I went to camp with two of my friends. I remember getting on the bus and not wanting to go. You see, I never liked to be away from home. Mom always thought that if I went with friends, I would have a good time. And, she was right. The problem was the camp director thought it would be a good idea for me to make new friends. More often than not, I was put in a cabin with people I didn't know. I only got to see my friends at meal time and sometimes during the evening programs. I was very unhappy and homesick. The camp director would end up calling my parents to pick me up. One time, insisting that my father come pick me up at night. He didn't.
The years when I was placed in a cabin with my friends, I had a great time. I just needed to be around people I knew. I was (and still am) shy. Shouldn't the camp director's focus been on making my experience at camp a happy one? I could have made new friends while being with people I knew.
My camp experience wasn't all bad. I enjoyed swimming. Even though I couldn't swim on my own, it was at camp that I used water wings instead of a plastic ring to swim. What a feeling of freedom they gave me! I enjoyed making crafts too. It didn't matter that I wasn't very good; I still enjoyed trying to make whatever the craft was.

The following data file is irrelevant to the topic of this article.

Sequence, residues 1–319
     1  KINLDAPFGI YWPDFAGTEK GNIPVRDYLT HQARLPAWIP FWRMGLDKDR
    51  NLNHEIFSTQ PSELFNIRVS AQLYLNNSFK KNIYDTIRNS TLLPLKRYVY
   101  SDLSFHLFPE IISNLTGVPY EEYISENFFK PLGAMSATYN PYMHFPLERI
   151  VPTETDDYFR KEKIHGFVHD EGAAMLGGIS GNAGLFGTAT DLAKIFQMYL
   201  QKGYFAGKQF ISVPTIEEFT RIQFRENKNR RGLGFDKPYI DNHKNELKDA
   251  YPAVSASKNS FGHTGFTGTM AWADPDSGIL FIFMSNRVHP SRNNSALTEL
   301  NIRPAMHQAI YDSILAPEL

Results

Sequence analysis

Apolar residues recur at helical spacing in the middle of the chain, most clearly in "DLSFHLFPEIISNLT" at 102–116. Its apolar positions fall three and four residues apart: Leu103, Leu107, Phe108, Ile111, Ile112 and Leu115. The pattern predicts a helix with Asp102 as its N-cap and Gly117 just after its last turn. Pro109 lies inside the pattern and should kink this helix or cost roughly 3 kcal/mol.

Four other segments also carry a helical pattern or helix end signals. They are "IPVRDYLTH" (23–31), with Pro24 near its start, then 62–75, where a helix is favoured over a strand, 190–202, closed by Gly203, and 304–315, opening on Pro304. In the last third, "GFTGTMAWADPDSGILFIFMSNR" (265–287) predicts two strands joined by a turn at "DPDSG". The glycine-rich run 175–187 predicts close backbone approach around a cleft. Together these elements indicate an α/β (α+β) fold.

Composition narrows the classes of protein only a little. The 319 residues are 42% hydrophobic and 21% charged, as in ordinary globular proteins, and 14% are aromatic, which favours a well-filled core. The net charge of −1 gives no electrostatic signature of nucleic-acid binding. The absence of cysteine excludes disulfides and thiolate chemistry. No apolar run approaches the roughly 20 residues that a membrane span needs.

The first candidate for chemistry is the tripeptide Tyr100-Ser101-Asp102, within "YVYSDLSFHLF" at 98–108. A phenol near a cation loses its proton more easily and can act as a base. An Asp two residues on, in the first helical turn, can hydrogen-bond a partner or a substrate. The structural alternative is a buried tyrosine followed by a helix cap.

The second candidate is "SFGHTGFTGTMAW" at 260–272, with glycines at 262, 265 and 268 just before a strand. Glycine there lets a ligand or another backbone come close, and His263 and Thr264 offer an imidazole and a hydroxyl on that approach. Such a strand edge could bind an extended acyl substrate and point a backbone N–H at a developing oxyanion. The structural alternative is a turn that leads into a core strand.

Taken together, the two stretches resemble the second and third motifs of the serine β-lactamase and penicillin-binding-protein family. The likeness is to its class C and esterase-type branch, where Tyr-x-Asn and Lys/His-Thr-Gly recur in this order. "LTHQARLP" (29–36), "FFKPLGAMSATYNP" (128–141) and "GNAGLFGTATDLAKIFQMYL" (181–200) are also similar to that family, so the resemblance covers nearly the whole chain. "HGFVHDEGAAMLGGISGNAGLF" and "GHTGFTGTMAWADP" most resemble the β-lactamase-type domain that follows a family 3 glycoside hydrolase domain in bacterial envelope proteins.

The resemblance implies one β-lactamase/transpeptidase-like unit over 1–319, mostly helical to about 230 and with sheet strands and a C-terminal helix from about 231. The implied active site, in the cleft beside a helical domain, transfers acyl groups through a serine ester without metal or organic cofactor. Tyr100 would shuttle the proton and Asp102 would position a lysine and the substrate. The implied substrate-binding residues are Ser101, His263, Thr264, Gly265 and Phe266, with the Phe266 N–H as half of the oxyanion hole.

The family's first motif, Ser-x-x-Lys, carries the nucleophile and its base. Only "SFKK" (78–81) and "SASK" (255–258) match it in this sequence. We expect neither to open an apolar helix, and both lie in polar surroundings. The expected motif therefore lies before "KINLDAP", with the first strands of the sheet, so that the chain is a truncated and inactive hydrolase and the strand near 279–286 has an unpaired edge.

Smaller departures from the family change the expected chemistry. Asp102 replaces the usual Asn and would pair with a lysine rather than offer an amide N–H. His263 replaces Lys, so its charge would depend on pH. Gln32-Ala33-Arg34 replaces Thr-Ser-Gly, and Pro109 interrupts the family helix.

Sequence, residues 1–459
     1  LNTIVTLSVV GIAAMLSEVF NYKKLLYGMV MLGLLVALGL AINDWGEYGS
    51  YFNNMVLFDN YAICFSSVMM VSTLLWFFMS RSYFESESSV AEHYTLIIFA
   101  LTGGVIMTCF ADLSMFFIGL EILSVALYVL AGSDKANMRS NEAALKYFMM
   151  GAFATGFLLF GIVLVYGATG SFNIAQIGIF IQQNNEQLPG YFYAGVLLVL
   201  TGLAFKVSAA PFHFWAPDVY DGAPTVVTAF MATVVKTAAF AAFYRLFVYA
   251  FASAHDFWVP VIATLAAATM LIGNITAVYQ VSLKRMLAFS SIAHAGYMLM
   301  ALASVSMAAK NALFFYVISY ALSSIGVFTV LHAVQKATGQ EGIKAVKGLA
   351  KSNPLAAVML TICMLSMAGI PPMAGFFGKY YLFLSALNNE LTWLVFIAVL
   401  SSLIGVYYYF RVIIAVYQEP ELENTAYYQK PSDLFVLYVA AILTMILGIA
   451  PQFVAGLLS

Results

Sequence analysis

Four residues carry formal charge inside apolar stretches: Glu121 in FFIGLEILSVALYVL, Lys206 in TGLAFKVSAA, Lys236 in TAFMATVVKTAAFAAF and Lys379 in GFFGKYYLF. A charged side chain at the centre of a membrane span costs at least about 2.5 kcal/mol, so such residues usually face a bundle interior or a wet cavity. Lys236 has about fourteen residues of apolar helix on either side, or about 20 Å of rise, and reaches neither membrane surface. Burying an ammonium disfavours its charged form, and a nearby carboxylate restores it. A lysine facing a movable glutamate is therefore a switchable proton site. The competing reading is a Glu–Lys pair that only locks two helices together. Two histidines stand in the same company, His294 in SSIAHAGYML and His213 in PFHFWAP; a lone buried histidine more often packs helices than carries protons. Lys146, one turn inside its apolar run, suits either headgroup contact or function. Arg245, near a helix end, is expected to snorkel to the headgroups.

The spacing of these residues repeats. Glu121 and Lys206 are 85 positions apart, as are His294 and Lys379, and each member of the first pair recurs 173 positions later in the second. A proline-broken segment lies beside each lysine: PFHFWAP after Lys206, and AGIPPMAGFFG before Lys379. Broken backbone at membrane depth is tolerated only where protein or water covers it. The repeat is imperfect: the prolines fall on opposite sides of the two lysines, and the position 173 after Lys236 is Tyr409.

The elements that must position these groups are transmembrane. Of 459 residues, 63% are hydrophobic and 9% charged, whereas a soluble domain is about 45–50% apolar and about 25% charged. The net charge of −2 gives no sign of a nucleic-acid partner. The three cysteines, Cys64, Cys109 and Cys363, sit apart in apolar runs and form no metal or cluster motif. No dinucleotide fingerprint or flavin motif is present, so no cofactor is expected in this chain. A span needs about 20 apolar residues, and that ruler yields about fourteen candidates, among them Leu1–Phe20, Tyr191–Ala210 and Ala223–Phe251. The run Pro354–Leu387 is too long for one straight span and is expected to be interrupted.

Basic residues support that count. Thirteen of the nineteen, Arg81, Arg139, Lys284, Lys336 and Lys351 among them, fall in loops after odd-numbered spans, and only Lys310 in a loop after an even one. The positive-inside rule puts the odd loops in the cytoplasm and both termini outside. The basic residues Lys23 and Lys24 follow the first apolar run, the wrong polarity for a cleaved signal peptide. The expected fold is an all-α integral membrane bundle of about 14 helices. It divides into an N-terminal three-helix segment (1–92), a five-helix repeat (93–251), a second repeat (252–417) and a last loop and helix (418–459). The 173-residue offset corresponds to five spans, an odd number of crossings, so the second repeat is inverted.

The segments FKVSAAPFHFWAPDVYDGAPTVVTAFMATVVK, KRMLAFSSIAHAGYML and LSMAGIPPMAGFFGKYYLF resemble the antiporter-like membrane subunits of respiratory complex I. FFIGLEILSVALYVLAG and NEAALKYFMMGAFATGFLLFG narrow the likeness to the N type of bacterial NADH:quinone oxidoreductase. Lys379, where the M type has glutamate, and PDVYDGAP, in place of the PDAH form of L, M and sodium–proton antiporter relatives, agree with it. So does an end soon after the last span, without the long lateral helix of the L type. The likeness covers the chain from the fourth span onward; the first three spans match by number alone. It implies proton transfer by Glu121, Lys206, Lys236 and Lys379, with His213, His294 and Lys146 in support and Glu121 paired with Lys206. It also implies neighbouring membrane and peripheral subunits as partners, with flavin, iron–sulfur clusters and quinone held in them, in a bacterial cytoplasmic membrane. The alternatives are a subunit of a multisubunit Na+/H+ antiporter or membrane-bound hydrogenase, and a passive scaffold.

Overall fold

When you're a child, adults always think they know what's best for you. When you are a child with a disability, adults really think they know what's best for you. You can't force a child to make friends. Maybe some children can adapt to being with people they’ve never met, I couldn't. I wish the director of the camp had just allowed me to be with my friends every year. I wish he would have been more I concerned about whether I was having fun, rather than being concerned about my making new friends. If fun had been his priority, I would have stayed the entire session every year. I would have been a much happier camper.